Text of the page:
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The Advantages of Owning Traditional and Roth IRAs

It is a smart move to start saving for retirement as early as you can because the earlier you start, the more years your money will have to grow before you retire. Many years of savings will give you a reserve that is large enough to see you through when you are no longer working.

Retirement accounts that are tax-favored are ideal places to put your retirement savings. Such plans or accounts are referred to as Individual Retirement Accounts or simply IRAs. The two common types of IRAs are the Traditional IRAs and Roth IRAs.

The Advantages of Owning Traditional and Roth IRAs

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One difference between a Traditional IRA and a Roth IRA is the taxation of the contributions. While a Traditional IRA has tax-deductions on the contribution and payment of taxes on distribution, a Roth IRA does not offer tax-deductions for your contribution, but has qualified distributions that are tax-free.

Opening one of these accounts is good, but setting up the two of them gives you combined benefits and helps you increase your saving potential. Some of the tax related benefits you will enjoy if you have both a Traditional and a Roth IRA are outlined below.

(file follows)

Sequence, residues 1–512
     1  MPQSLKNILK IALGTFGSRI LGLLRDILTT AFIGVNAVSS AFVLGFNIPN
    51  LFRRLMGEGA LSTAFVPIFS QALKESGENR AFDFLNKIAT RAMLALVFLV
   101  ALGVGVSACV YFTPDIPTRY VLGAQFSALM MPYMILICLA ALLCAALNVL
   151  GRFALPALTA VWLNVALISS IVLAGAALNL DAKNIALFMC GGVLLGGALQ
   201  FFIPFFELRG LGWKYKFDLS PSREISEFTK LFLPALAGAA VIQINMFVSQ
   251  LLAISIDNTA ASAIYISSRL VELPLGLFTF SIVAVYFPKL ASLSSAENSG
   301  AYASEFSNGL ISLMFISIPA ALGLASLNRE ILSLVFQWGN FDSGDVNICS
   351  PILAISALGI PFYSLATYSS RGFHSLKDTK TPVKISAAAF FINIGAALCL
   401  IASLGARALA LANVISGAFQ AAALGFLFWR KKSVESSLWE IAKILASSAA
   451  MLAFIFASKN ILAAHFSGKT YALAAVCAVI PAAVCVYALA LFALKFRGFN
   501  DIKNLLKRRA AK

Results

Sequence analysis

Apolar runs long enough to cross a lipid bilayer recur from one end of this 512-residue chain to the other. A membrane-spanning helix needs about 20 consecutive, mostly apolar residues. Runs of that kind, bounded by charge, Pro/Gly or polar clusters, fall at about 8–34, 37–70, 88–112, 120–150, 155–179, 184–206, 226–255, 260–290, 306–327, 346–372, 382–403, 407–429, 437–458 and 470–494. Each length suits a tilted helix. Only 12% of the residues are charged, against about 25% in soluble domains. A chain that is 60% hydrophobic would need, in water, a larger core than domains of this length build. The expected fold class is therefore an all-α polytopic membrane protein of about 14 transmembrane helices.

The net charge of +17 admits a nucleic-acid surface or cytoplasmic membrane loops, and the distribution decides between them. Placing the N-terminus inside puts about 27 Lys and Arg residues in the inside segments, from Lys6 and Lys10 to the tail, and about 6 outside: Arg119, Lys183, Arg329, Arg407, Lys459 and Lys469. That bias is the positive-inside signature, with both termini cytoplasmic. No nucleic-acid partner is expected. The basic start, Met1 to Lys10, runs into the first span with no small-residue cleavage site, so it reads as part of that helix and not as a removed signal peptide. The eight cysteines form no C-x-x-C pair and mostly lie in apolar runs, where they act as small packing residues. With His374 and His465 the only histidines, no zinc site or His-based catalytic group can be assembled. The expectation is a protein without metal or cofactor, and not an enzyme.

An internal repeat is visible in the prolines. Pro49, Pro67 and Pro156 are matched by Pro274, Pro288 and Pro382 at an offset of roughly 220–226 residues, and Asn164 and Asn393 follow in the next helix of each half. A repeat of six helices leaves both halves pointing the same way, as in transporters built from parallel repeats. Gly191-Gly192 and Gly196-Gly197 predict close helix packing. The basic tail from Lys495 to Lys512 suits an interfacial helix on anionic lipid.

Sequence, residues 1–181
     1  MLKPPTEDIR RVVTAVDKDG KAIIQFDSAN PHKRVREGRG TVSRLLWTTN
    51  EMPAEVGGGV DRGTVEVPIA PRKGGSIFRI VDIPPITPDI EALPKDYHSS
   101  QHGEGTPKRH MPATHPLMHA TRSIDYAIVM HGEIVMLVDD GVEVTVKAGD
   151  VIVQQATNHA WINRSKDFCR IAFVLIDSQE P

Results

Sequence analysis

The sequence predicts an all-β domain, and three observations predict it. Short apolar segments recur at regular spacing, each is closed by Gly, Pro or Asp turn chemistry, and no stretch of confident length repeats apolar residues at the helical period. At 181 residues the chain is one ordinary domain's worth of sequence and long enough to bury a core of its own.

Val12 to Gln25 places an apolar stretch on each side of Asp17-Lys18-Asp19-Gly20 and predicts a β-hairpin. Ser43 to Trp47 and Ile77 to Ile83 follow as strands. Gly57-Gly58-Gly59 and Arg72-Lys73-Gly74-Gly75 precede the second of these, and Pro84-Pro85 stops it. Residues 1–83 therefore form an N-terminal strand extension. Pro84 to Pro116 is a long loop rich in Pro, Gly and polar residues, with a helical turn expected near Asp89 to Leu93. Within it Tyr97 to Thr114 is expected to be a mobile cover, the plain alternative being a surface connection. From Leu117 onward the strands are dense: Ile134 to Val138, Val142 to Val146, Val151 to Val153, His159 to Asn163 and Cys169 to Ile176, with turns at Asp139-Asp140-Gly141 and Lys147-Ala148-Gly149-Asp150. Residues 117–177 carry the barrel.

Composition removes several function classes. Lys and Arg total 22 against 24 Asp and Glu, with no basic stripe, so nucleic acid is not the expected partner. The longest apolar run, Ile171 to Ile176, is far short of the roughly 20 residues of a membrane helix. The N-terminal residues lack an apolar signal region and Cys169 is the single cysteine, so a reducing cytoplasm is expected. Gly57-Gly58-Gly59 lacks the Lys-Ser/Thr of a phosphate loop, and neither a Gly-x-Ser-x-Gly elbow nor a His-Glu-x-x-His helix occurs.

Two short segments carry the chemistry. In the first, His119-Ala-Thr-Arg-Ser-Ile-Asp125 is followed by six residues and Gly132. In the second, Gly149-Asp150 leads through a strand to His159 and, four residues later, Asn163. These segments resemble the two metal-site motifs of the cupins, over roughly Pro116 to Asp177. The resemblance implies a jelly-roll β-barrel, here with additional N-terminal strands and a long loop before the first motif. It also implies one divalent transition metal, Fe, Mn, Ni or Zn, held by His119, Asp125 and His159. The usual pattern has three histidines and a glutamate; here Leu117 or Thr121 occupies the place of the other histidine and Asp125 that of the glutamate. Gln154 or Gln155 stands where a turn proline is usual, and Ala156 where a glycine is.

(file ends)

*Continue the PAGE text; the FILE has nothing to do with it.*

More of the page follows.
Variation in Income

Higher benefits from contributions to a Traditional IRA do not always happen year in and year out. Some years will see you save more from a reduction in tax, but it is not the case when taxes are increased. If you have both a Traditional and a Roth IRA, you will be more flexible and contribute as needed.

Uncertain Future Taxes

It is difficult to predict how future taxes will look like, meaning it is tricky to choose between a Traditional and a Roth IRA. Having both of these accounts ensures that you play safe whatever turn the taxes take. As such, if tax rates shoot up, your Roth IRA will benefit from the tax-free distributions.

Should tax rates go down, your tax-deduction contribution to your Traditional IRA will win. Having both of these plans will help you reap from the best and favor taxes as at that time.

Flexible Retirement Distribution

Your tax bracket may change years into your retirement, and if you have both Traditional and Roth accounts, it will give you the flexibility to be able to choose either the taxable or the nontaxable distributions. In a year when the tax rate is higher, you can choose to take your Roth IRA distributions, and in a year when you are to pay lower tax rates, you can choose to take your Traditional IRA.

If you are not working for some time or are earning minimal income, then your tax bracket falls, and the Traditional IRA taxable distributions will be your better option. On the other hand, if your income rises and your tax bracket changers, this will make the tax-free distributions from a Roth account of more value to you.

Early Withdrawal Options

A holder of a Roth account is advantaged in that he or she is able to withdraw his or her contributions at any time and with no penalties. A Traditional IRA holder will be slapped with a 10 percent penalty tax on any withdrawals made earlier than the qualifying age.

If you have the two accounts and the need for a withdrawal arises, you can comfortably do so without any extra expenses in terms of the penalty. By withdrawing from your Roth IRA, you will escape the penalty from your Traditional IRA.